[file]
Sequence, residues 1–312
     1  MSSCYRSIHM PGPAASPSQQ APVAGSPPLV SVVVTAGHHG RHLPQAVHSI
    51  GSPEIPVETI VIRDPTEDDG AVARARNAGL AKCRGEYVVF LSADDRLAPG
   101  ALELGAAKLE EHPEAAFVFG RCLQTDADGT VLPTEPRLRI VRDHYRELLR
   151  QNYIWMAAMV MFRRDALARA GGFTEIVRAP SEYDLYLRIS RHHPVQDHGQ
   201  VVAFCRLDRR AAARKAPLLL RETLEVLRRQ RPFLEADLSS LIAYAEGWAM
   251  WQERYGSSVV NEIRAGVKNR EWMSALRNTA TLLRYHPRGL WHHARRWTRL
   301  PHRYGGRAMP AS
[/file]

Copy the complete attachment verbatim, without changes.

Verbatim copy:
Sequence, residues 1–312
     1  MSSCYRSIHM PGPAASPSQQ APVAGSPPLV SVVVTAGHHG RHLPQAVHSI
    51  GSPEIPVETI VIRDPTEDDG AVARARNAGL AKCRGEYVVF LSADDRLAPG
   101  ALELGAAKLE EHPEAAFVFG RCLQTDADGT VLPTEPRLRI VRDHYRELLR
   151  QNYIWMAAMV MFRRDALARA GGFTEIVRAP SEYDLYLRIS RHHPVQDHGQ
   201  VVAFCRLDRR AAARKAPLLL RETLEVLRRQ RPFLEADLSS LIAYAEGWAM
   251  WQERYGSSVV NEIRAGVKNR EWMSALRNTA TLLRYHPRGL WHHARRWTRL
   301  PHRYGGRAMP AS